Cogito Ergo Anima

Is consciousness reducible? Larson does not offer a definitive answer to this question, but he is skeptical of the purported evidence that says it is. How can a machine appreciate the act of sex? While Larson mentions this only in passing, love and intimacy are fundamental to what makes the conscious experience human. Even if a computer could produce a love story like Romeo and Juliet, we have no reason to believe it would comprehend the pathos of what it created. Further, what of the notion of being a parent? Consciousness allows us to know that the love we feel for our children transcends logical explanation, and thus storge is not any more programmable than eros.

In reference to the work of Michael Polanyi, Larson notes there is a difference between reading the recipe and cooking from the recipe. Polanyi used this to discount the possibility of AI since while it can do the former, it cannot ever do the latter since there are nuances when one does something that can never be understood by a mere description, which is what programming languages are limited to. AI is also brittle. A machine learning algorithm, even with access to “Big Data” via the web and the cloud, can easily break. An AI that has been trained to play a video game successfully will fail with the slightest change, such as modifying the pixels within the gameplay.

And what of self-determination? While it is something that Larson alludes to in his discussion of how computers are programmed even if the machine learning algorithms are “unsupervised,” it is not one that Larson makes explicit. The existential choice of choosing to carry-on in the face of Kierkegaardian-Heideggerian anxiety is not something that is programable. Atheist Douglas Adams’ understood that an AI must experience existential angst to be truly conscious. The character Marvin the Paranoid Android in Adams’ satirical The Hitchhiker’s Guide to the Galaxy series is depressed and suicidal since he is aware of how much more intelligent he is than the humans he begrudgingly serves. We live in a secular world, but Larson does not even mention terms like “soul.” If religious notions are anathema to him, they are still a fundamental part of the human experience and need to be mentioned at least in passing.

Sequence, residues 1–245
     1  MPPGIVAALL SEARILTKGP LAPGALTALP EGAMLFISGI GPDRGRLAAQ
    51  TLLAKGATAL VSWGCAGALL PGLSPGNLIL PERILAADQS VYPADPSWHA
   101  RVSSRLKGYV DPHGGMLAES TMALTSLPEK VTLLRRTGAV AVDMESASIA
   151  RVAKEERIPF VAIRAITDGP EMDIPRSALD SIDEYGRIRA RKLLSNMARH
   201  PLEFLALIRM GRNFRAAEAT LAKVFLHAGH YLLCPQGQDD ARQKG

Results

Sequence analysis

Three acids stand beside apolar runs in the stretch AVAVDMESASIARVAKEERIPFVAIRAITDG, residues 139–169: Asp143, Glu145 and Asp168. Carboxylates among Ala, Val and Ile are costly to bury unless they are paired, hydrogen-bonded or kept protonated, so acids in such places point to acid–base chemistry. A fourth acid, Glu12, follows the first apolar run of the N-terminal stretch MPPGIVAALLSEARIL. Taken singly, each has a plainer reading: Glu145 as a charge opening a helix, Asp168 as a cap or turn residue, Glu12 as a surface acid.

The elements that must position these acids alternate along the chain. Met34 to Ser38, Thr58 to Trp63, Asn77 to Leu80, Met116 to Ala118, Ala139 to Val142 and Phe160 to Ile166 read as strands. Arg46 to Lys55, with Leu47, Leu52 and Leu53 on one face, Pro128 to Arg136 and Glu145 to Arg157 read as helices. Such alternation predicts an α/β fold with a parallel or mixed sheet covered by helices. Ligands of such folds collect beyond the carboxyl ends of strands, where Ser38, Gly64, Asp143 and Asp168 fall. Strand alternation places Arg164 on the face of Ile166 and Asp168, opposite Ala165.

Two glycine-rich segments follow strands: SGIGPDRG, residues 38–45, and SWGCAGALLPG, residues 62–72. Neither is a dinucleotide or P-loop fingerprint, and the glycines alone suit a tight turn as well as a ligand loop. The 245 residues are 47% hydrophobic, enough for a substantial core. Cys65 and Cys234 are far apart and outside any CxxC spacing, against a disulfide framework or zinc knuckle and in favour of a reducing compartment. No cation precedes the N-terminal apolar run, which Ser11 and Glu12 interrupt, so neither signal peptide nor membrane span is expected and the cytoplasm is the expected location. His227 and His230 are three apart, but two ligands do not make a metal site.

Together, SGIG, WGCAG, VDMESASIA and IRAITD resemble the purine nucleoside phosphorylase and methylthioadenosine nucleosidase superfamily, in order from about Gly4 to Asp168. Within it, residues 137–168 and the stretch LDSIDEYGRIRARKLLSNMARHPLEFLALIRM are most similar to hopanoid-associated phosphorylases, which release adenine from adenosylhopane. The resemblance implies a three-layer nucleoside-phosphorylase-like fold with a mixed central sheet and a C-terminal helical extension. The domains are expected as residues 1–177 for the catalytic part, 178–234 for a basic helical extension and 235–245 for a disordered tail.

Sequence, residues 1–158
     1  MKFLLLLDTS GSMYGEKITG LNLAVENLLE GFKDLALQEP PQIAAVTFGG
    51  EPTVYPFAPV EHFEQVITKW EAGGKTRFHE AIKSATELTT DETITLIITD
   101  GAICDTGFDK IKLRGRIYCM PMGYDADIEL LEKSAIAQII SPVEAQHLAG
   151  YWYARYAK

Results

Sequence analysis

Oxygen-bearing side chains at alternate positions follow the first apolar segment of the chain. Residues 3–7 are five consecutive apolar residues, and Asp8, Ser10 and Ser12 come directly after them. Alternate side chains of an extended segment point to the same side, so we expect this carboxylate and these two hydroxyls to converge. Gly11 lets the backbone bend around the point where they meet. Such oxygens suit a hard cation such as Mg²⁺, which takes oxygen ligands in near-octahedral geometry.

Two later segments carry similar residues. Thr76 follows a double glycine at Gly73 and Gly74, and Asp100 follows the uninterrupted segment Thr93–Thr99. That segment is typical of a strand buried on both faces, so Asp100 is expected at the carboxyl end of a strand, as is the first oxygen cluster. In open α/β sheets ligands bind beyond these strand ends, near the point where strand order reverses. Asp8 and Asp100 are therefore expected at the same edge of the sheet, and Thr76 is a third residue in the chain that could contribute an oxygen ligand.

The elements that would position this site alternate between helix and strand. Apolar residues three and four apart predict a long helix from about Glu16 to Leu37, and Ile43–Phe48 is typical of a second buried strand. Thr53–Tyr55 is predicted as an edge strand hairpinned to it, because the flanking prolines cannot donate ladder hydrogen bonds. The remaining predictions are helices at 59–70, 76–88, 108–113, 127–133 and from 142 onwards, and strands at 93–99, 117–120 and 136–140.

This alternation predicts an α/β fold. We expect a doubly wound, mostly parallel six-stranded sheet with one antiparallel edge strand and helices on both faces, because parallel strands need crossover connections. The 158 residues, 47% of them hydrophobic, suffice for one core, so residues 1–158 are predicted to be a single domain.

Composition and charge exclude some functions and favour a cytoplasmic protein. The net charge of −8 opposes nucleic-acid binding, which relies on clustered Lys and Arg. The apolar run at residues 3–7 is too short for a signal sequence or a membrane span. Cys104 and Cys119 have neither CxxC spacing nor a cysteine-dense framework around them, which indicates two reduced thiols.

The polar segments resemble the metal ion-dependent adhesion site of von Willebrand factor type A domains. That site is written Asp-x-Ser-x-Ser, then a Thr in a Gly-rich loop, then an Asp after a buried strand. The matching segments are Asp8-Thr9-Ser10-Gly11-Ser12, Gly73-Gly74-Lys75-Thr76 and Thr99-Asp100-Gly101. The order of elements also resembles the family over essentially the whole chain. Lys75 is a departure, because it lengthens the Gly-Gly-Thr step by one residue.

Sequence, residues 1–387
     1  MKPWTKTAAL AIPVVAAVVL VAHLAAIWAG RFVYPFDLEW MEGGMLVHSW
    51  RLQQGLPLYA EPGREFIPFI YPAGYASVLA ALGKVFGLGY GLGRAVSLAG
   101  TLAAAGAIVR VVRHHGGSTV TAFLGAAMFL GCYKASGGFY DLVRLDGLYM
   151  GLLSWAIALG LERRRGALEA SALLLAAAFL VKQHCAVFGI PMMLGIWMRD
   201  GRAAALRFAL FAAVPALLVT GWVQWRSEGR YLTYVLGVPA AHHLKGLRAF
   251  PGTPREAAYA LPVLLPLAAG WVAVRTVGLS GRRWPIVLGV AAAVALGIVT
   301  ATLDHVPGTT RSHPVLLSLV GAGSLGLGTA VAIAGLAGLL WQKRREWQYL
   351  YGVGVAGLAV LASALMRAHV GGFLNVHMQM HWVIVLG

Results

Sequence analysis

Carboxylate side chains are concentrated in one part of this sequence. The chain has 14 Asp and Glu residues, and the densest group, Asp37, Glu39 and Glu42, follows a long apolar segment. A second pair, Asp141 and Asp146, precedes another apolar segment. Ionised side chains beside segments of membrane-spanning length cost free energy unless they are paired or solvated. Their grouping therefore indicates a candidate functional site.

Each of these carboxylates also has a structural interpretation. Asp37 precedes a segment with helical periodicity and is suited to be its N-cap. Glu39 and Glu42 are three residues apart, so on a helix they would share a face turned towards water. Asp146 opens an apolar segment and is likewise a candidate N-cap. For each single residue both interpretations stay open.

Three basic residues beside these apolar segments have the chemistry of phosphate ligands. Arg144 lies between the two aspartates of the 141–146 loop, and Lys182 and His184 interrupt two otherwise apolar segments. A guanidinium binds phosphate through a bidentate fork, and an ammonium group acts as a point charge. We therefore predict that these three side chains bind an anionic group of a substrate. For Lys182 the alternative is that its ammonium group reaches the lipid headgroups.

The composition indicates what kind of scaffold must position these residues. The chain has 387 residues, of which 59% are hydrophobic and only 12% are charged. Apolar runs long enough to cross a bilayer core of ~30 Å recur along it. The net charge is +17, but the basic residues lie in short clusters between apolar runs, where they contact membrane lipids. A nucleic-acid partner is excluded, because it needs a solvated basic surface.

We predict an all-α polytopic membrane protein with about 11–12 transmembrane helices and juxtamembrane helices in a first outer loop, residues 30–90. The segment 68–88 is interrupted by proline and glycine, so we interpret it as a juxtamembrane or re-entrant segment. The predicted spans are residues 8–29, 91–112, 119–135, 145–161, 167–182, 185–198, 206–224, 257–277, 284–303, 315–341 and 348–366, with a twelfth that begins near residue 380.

Even with what it neglects, Larson’s book is excellent, and tells the story of how successful narrow AI has been in comparison to the failures of strong AI. It also shows us why we have no reason to believe that these failures will turn into successes anytime soon. The Myth of Artificial Intelligence also serves as a warning to be skeptical of the predictions of experts and expresses the importance of having a sound theory to properly practice science.